Releasing a few water meters each year will stimulate the local economy, allow people on a long-standing water wait list to stop waiting and start building, and generate revenue, Cambria Community Services District directors agreed at their monthly meeting May 24.
The district, saying demand for water was outstripping supplies, stopped issuing new meters in November 2001. It was said the water hookup moratorium would be in place until a water master plan was completed and a new water source was online, or about to be.
The master plan was completed in 2008, but desalination, the new water source identified as the preferable option, has been stalled as attempts to do testing needed to complete desalination plans have been turned back by the state Coastal Commission as potentially harmful to the environment and public access to the coast.
An Army Corps of Engineers contractor is currently working on an environmental review of water supply alternatives, including desalination as well as other options.
Never miss a local story.
For now, district directors seem to be seeing reduced water use by the community and the prospect of further conservation as the new water source needed before new water meters are released.
Director Muril Clift said the district has rights to more groundwater (810 acre feet annually) than CCSD customers are using, and that use has declined since a previous board declared a water-supply emergency and stopped issuing new connections in 2001.
According to the district’s Urban Water Management Plan, CCSD pumped 672 acre feet in 2010 and 682 acre feet in 2011. In 1988, CCSD pumped 820 acre feet. That plummeted to 555 acre feet in 1991, the last year of a drought, and climbed up to 798 acre feet in 2001, the year the moratorium was declared.
Clift suggested taking 60 days to complete a “very specific conservation statement, so we know we can even pull our usage down some more.”
Board President Allan MacKinnon said the release-meters-now plan is not only a good one, but necessary.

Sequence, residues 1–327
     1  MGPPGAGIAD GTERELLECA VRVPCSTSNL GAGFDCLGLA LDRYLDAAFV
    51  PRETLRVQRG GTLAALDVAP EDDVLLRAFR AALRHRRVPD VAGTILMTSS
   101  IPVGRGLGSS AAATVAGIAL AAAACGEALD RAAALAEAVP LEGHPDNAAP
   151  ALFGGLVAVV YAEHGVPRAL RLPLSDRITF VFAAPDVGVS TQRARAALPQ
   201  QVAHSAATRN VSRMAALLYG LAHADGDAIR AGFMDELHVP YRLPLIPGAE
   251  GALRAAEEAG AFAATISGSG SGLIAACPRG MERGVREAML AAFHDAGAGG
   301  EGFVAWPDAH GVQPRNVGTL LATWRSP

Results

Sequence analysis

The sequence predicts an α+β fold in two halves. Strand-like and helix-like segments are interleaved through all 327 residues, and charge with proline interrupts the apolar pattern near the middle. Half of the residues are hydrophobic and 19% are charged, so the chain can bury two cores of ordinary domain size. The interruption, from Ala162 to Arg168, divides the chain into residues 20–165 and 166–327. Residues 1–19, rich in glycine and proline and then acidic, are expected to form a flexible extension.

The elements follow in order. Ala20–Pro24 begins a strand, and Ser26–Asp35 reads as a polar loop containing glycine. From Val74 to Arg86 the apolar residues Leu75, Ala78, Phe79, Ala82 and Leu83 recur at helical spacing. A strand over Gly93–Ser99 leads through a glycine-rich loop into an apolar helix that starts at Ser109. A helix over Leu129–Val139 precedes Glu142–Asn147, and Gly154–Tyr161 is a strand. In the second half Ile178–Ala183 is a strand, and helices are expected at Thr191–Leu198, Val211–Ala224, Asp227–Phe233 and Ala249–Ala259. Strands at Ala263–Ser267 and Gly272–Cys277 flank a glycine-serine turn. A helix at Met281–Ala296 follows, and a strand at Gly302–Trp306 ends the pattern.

He said a “small stimulus, a few meters” could provide “as many as 50 occupations that don’t exist right now, different businesses that have gone out of business or have shrunk in size.”
MacKinnon recommended telling the county that “we have a hurt here. We need to release these meters and we want to do it immediately.” Then, “if the county says OK, then we’d go immediately to the Coastal Commission, telling them we’d move ahead as quickly as possible with the most aggressive conservation program possible.”
“The release of 10 meters per year would need less than 2 acre-feet (more water) per year, would create a significant number of local area jobs as well as generating added CCSD revenue,” MacKinnon said.
The district has struggled with decreasing income, higher wage-and-benefit costs and aging infrastructure.
Connection fees also would have to rise, Clift said, and would include an equity share in the total system, added infrastructure, cost of new connections, the cost of conservation efforts and administrative costs of the program.
“My recommendations could result in a connection fee in the range of $15,000 to $35,000,” depending on infrastructure cost, Clift said. The current fee is $3,255. The fee in Templeton, a comparably sized district, is $24,478,
Benefits from allowing new hookups could be “immediate, important and tangible,” MacKinnon said. “We have the right. I think we should move forward.”
County officials and the California Coastal Commission likely would have to agree to such a plan.
Clift also implied that negotiation with the county and Coastal Commission is preferable to confrontation. “It’s better to come with a plan.” At the county, “their concern is, if we do issue a water permit, they’d be in a position of not being able to issue the building permit” for the project, since new develoment must show it has a reliable water source.
Directors expect to vote June 28 on a preliminary resolution that would allow them to release a limited number of “intent-to-serve” letters (water meters) each year, based on available water supplies and an amped-up program for conserving fresh water, especially as applied to customers using a large volume. They also asked staff to define conditions under which that can be done.
Clift said they haven’t yet selected how many will-serves might be released each year under the new plan. That number could vary, based perhaps on the amount of water used the previous year.
“We do have an aging infrastructure, and if we do not issue some meters we would have no choice except looking towards current users to finance those repair costs though increased rates,” Clift added.
Steve Figler, a frequent critic of desalination plans, said of the plan, “I am cautiously pleased, cautiously optimistic. I like what’s being done, and like the way it’s being done.” Technology “does change,” he noted in agreeing with a statement by Director Gail Robinette. “When the time comes that we do need a facility probably 10 to 20 years down the road, we’ll get the newest technology, rather than old technology. I think this is good work.”